ROSEVILLE — Farmers took the time on Friday to learn how they can incorporate organic methods into their fields during the Western Illinois University Allison Farm Organic Field Day.
The field day, held at Dakin Farm in the morning and at Allison Organic Research and Demonstration Farm in the afternoon, focused on different ways to cope with extreme weather and temperatures. The three speakers shared their methods for dealing with extreme weather conditions and helped others to do the same.
The first speaker, Grant Curtis, shared his strategies on how farmers should optimize drainage in their problem fields instead of just buying new land. Curtis said that he started installing a farmland drainage system on his and his father’s farmland to improve their farmland. They installed a series of perforated tiles in the ground that would drain the excess moisture to a pipe called the tile main, which then later drained into an open ditch or creek.
Curtis said excessive moisture causes the root systems of crops to become shallow and flat. Not only does it prevent plants from growing and thriving, but excessive water can lead to erosion, which can cause nitrogen and other soil nutrients to be washed away, he said.
Joel Gruver, associate professor of soil science at the WIU School of Agriculture, said that while soil does need water, it also needs pores to allow the air to aerate the soil.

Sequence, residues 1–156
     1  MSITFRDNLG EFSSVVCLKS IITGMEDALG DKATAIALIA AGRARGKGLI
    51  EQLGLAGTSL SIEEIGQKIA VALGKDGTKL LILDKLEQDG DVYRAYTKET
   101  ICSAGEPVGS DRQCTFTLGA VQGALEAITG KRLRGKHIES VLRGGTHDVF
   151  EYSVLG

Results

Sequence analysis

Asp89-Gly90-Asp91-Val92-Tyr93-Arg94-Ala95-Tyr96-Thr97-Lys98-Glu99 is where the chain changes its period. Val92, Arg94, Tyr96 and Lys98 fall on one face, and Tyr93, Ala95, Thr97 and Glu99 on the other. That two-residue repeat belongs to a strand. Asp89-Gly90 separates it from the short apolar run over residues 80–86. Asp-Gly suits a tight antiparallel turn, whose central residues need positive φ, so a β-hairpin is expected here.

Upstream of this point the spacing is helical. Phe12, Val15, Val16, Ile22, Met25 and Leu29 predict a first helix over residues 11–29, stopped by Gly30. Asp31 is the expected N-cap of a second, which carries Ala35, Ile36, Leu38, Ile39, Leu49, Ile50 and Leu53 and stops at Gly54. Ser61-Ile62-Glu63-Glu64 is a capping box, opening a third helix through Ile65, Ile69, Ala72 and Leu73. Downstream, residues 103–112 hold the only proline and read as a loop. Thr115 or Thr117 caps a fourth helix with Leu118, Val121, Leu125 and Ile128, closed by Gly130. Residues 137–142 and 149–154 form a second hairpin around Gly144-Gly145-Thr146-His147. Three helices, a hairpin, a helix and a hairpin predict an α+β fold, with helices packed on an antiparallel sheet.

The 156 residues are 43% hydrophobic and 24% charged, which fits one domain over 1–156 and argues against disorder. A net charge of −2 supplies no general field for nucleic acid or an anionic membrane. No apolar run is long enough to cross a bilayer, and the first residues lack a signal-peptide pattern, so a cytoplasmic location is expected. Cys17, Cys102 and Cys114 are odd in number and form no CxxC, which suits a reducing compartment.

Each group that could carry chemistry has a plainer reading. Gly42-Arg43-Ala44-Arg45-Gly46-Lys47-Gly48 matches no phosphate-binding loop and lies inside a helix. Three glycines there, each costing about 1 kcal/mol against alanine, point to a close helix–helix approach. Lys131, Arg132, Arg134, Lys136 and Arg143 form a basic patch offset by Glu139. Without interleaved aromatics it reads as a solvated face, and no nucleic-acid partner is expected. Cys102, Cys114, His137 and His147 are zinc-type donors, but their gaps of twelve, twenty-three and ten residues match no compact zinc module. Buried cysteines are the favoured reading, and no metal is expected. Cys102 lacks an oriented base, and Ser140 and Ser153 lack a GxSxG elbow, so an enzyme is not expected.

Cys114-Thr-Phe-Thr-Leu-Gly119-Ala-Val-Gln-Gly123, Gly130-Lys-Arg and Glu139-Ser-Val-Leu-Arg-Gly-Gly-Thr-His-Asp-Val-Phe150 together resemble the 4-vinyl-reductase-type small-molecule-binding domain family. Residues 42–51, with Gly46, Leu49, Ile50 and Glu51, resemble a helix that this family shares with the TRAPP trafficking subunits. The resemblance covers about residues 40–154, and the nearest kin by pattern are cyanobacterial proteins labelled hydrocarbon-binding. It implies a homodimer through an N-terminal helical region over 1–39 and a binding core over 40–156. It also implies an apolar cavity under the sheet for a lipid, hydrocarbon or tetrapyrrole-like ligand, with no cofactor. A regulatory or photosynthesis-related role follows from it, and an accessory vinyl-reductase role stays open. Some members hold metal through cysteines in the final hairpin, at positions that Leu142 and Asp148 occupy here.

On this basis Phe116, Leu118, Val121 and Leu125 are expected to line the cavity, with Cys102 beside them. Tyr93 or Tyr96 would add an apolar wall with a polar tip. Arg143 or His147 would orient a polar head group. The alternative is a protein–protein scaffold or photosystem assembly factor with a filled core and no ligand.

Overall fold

Gary McDonald, who spoke after Curtis, taught farmers that soil is a living thing and that the soil must be taken by the farmers. He said that according to God, who he referred to as the Infinite Creator, people were given authority over living things, not the periodic table.
McDonald believes that weeds and bugs that eat crops are caused by a lack of information about maintaining soil health, so he incorporates organic methods as ways to prevent weeds and bugs from destroying his crops. The way he does this is through a process called the bio-humic agriculture production system, which involves refraining from using anything that injures the soil, and adding beneficial bacteria and microbial life into the soil through crop rotation. McDonald recommended that soil should rest before planting in order to allow the soil to incorporate the nutrients.
Seth Smith, the keynote speaker, talked about how farmers should incorporate the things that their farms need, rather than basing their methods on what the neighbors are doing to their farms. Smith bought a farm when he was in college and converted a portion of it into an organic farm. He used cover crops to add nutrients into the soil and to provide supplemental food for his cattle.
In addition to the three discussions, the three speakers and WIU meteorology professor Jongnam Choi served on a panel moderated by Gruver that had farmers ask questions about organic practices and extreme weather conditions. An informational vendor fair provided farmers with information about the services that they provide, including banking, organic farming practices and cover crops. Lunch and snacks made from local or organic products were also served during the event.
In the afternoon, Gruver lead a tour at Allison Farm and talked about the research that the farm is doing for the 2019 planting season. Farmers also took the time to go inside the field and inspect both the soybeans and corn growing in the field.

Email editor@mcdonoughvoice.com for comments or questions on this story.